The Last Ride of Legend, a Pony Who Lived Up to His Name
Born on an island off the coast of Virginia, home to a wild herd that inspired the classic children’s novel ‘Misty of Chincoteague,’ this gentle, blue-eyed gelding enjoyed an adventurous life with a family in New Mexico. After his death, a mother and daughter went on a mission: to lay him to rest amid the sand and the waves.
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A sickle of moon hung in the black Atlantic sky as the four of us began the mile-long walk to the beach. It was shortly before 5 A.M. on the southern reaches of Assateague Island, off Virginia’s Eastern Shore, but already a hundred people or more were chasing the cones of their cell-phone lights across the marshes and dunes of Chincoteague National Wildlife Refuge. Farther south, nearly 15,000 more had gathered in a shorefront parking lot. Blades of grass waved spookily in the glow.
The humidity was like it always is here in summer—hateful—and the mosquitos had their feast. I walked with Mattie Allen, communications director of an animal shelter and free clinic in Española, New Mexico, and noticed how her curly auburn hair had become a nebula that blotted out the stars. The humidity hairdo had become a running joke, a novelty that underscored how far she and her 13-year-old daughter, Maizie, had traveled to be here. My own daughter, Evie, who is also 13, fell in with Maizie, the two new BFFs hitting it off over middle school and pressures to wear makeup.
Mattie and Maizie, who has her mother’s hair and talks rapid fire, are both horse people, and they had invited Evie and me to join them for the annual Chincoteague Pony Swim, a weeklong festival held every July on the island of Chincoteague, a splotch of sand, water, and coastal vegetation that sits just beyond waterways with names like Mosquito Creek and Mud Bay Gut, three miles off the Virginia portion of Delmarva, the rural tristate peninsula that divides the Chesapeake Bay from the Atlantic.
Chincoteague, which has an average elevation of about 21 inches, is protected from the open ocean by Assateague, a 37-mile-long barrier island that spans the Maryland-Virginia line. Unlike Chincoteague’s 3,000-person urban center—which is also called Chincoteague and is known for hotels, vintage beach-house rentals, ice cream shops, and seafood restaurants—Assateague is feral, an undeveloped mix of windswept terrain, all of it protected as parkland in one form or another, mostly by the federal government. It’s on Assateague where you’ll find the local celebrities: a fabled herd of wild, salt-grass-eating ponies.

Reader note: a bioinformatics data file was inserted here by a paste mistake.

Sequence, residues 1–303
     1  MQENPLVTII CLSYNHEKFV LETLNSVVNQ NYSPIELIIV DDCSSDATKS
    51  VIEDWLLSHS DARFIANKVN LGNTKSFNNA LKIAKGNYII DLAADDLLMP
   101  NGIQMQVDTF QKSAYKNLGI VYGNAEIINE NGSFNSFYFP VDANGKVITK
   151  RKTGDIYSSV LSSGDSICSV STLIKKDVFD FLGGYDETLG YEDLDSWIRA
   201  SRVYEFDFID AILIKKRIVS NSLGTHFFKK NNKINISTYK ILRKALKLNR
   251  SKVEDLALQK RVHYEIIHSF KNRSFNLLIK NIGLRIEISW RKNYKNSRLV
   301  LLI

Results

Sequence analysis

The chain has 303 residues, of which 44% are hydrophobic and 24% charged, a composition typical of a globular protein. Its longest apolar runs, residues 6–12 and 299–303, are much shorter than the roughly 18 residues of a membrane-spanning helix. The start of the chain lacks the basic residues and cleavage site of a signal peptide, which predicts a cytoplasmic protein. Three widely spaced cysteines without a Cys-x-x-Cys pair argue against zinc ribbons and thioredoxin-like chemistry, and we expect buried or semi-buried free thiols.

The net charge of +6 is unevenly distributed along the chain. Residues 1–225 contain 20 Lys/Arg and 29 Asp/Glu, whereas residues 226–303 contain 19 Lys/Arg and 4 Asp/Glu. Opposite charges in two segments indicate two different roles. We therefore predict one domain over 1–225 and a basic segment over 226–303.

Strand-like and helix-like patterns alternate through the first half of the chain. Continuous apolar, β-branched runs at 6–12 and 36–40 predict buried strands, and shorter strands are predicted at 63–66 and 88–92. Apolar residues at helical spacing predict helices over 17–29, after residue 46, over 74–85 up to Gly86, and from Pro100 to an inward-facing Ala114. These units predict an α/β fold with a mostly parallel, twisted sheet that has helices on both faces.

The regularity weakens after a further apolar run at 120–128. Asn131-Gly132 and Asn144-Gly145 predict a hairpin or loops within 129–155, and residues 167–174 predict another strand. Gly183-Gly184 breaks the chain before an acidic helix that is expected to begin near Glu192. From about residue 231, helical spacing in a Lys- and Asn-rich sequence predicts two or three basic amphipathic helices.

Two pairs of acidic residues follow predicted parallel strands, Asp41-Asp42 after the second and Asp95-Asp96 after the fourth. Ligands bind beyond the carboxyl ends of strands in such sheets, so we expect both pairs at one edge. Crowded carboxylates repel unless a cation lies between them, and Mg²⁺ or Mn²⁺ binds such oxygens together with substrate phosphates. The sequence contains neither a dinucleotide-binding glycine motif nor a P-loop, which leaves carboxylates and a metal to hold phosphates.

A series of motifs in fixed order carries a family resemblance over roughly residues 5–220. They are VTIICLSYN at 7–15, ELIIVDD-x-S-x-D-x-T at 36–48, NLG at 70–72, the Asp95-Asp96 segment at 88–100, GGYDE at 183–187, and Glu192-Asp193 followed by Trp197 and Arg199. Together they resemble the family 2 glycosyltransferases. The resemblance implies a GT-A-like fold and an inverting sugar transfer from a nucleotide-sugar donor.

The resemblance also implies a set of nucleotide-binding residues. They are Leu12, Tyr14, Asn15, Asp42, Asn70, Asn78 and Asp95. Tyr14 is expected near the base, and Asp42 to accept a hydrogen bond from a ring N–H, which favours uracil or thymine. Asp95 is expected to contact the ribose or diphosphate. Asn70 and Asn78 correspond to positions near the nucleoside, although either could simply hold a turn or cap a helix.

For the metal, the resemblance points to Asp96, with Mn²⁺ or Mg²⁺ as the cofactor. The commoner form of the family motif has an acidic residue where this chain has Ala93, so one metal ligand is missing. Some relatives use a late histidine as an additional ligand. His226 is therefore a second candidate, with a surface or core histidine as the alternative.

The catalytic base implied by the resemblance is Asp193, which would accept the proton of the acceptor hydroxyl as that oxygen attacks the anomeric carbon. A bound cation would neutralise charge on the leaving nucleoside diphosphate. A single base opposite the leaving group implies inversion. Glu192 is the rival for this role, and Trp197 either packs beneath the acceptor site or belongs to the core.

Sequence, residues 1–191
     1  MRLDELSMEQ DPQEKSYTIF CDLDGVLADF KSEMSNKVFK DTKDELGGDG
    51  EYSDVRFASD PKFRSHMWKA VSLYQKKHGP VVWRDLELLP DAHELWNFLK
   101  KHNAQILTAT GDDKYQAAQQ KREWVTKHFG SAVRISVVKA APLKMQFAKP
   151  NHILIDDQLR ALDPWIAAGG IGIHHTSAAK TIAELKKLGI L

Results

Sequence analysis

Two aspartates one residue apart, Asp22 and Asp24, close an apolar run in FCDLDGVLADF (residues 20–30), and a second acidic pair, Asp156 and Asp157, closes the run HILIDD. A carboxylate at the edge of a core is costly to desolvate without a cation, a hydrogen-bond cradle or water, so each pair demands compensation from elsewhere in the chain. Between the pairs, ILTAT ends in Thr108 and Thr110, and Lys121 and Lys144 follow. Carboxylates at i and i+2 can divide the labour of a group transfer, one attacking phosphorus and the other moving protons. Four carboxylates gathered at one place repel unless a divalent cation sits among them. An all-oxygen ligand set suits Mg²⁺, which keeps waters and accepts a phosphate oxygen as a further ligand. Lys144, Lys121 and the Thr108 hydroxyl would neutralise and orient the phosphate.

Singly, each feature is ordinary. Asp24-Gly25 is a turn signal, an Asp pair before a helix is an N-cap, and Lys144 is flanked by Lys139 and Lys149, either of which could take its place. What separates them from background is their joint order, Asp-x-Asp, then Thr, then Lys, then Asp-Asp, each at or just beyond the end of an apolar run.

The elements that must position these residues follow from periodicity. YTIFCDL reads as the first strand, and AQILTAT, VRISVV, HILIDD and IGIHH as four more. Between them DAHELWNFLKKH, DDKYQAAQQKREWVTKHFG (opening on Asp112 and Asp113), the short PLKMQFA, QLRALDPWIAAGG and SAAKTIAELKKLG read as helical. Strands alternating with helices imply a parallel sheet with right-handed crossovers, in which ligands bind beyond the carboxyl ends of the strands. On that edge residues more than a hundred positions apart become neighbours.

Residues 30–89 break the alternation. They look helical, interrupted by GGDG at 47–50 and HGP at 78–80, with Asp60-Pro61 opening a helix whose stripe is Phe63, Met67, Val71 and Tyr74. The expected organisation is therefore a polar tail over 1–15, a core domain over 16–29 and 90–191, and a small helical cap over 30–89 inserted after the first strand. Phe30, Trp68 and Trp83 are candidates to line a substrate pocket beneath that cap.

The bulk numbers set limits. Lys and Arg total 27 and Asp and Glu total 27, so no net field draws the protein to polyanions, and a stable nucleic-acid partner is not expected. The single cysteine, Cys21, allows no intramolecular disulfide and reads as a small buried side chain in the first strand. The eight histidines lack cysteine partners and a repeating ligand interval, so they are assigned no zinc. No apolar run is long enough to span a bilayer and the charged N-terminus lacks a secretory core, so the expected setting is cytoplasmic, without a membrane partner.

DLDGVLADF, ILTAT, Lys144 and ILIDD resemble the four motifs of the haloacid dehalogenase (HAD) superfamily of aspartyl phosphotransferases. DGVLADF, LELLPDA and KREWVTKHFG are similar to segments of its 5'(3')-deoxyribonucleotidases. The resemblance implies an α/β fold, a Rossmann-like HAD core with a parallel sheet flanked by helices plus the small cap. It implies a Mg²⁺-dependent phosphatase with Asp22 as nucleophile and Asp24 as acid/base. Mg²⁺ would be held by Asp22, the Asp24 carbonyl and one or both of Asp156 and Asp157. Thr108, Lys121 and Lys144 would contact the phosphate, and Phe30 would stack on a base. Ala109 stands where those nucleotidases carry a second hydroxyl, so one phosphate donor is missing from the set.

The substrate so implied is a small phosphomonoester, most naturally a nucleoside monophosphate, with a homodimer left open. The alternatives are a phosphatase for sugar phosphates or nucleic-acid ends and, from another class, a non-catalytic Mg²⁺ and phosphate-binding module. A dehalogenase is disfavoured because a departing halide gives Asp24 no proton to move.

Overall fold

How they got there is a mystery. The more mundane theories have suggested that pirates or early English settlers left them on the island to forage. The most fantastic and repeated tale holds that, centuries ago, a Spanish ship carrying horses between Spain and its New World colonies wrecked off the coast, and the animals swam ashore and survived. With only nutrient-poor marsh grass to fill their bellies, the horses grew smaller over the generations until they became ponies, meaning a horse that’s less than 14.2 hands tall—about four foot nine. (Some ponies are genetically different from horses, but these are not; they’re just small.)
As it turns out, that shipwreck tale, long dismissed as a myth, might be true. Archeologists know of at least two Spanish ships buried in the seafloor off the coast of Assateague. And this July, a researcher at the University of Florida published a study that offered DNA evidence closely linking horses brought to the Caribbean island of Hispaniola from Spain in the 1500s to the ponies on Assateague.
However the animals came to be here, Chincoteaguers have been capturing them since the 1800s to use as their own, and since 1925, a posse of horsemen now known as the saltwater cowboys has run organized roundups. The ponies are excellent swimmers, and once a year, during “pony penning” week in July, the cowboys swim the herd across a quarter-mile channel from Assateague to Chincoteague, where they run through the streets, past adoring, gleeful crowds, to fairgrounds on the west side of the island. There, toward the end of the week, about 60 foals go up for auction before the cowboys swim the rest back to Assateague.
Doing all this keeps the herd size in check at around 150 ponies and, combined with proceeds from an annual carnival, raises nearly $800,000 for the Chincoteague Volunteer Fire Company, which has owned and managed the herd for nearly 100 years.
For everyone else, the week is a chance to overdose on some seriously cute ponies.